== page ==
The aesthetic of “Camp” comes from the French “Se Camper” or “to flaunt”. The first use of the word and aesthetic was introduced 1671 during the play ” The Impostures of Scapin”. In this comedy a servant it told to “camp it up” and ‘strut around like a drama queen”. “Se camper” not only alludes to being overly dramatic or extravagant but also to a pose that derives from a man standing with his hand on his hip. This type of pose originally represented power and relaxation, until the Renaissance where it also became associated with homosexuality. Through the 1700 the word camp became used in the crossdressing community, mainly as a code word of a sort to describe noblemen who dressed as women, and later on in the 1800’s -1900’s to describe men in England who became famous for dressing as women. Although arrested or worse, many men who were “camp” did go out in public dressed as women. Two in particular Fredrik Park and Ernest Boulton created a small touring theatrical company in the1800’s and played the characters Franny and Stella. Click on picture to enlarge.
Author Oscar Wilde was also connected to the camp community. This affiliation was used against him when he tried to file a lawsuit against the father of his lover, Lord Alfred . Throughout his life his relationship with Lord Alfred Douglas is well documented and so were his instructions to actors in his plays to wear symbolisms of camp culture. Both were used as evidence in the trial against him for “gross indecency” in the 1800’s. He was sentence to two years of hard labor in prison. The popularity of the trial and his sentence made Wilde a martyr and cemented the overlapping of camp culture with homosexuality.
In 1954 author Christopher Isherwood wrote “The World in the Evening”. Which basaclly broke down camp into high camp and low camp. High camp being one of a man who partakes in sophisticated activites and low camp being a boy in a feather boa. To him high camp was seriousness, expressed in fun, artifice and elegance.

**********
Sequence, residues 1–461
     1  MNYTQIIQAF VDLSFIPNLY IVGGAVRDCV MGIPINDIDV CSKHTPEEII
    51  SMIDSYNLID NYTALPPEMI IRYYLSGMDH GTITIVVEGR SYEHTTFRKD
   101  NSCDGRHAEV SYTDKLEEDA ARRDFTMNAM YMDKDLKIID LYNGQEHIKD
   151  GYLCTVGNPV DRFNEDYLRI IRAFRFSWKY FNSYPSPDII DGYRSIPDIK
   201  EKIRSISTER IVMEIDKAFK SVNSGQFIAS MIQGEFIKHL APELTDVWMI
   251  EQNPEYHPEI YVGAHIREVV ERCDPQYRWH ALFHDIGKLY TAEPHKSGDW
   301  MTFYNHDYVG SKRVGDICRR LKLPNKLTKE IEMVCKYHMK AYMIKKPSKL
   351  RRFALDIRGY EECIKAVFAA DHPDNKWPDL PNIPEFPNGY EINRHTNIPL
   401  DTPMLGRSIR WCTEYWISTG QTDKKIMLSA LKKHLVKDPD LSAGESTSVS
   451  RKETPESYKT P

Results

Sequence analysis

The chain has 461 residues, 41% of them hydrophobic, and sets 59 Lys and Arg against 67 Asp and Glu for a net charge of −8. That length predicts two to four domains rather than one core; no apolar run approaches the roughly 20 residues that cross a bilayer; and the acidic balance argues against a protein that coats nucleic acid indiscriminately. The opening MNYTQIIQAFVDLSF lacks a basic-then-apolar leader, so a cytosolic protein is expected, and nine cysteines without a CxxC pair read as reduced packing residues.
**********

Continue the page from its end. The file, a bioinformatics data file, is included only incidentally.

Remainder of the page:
In the Fall of 1964 Susan Sontag wrote “Notes on Camp” in the Partisan Review. She was the first to approach camp and study it as a subject in society that leveled the playing field and offered indifference between high art, pop culture and cultural hierarchies. Her notes pushed camp into mainstream society. In her notes on camp she mentions the following items, which could all be found at the Met.
She also wrote the differences on naïve camp and delibrate camp, which in part agrees with Isherwoodian camp. Naïve camp is being unintentional while deliberate camp is being calculated and manufacturesd. The fashion showed in this section are examples of niave and delibrate camp next to one another.
Camp Eye: During this part of the exhibition, camp is featured in a louder and bolder light as it became more acceptable in society. The fashion showcased here are categorized under 18 statements that talk about key aspects of camp, or what camp means to the designers showcased. I won’t list all the statements, but I found this one by Susan Sontang to be the most direct. “Camp is not a natural mode of sensibility, if there be any such. Indeed the essence of Camp is its love of the unnatural: of artifice and exaggeration.”
Because of its ability to shock, Camp makes its way into times of divide whether in society or politics. Camp is different things to different people, whether they identify it as gay, a way to be extravagant or a way to showcase what’s happening around them. Camp: Notes on Fashion is open until September 8th at the Metropolitan Museum of Art.-T.S.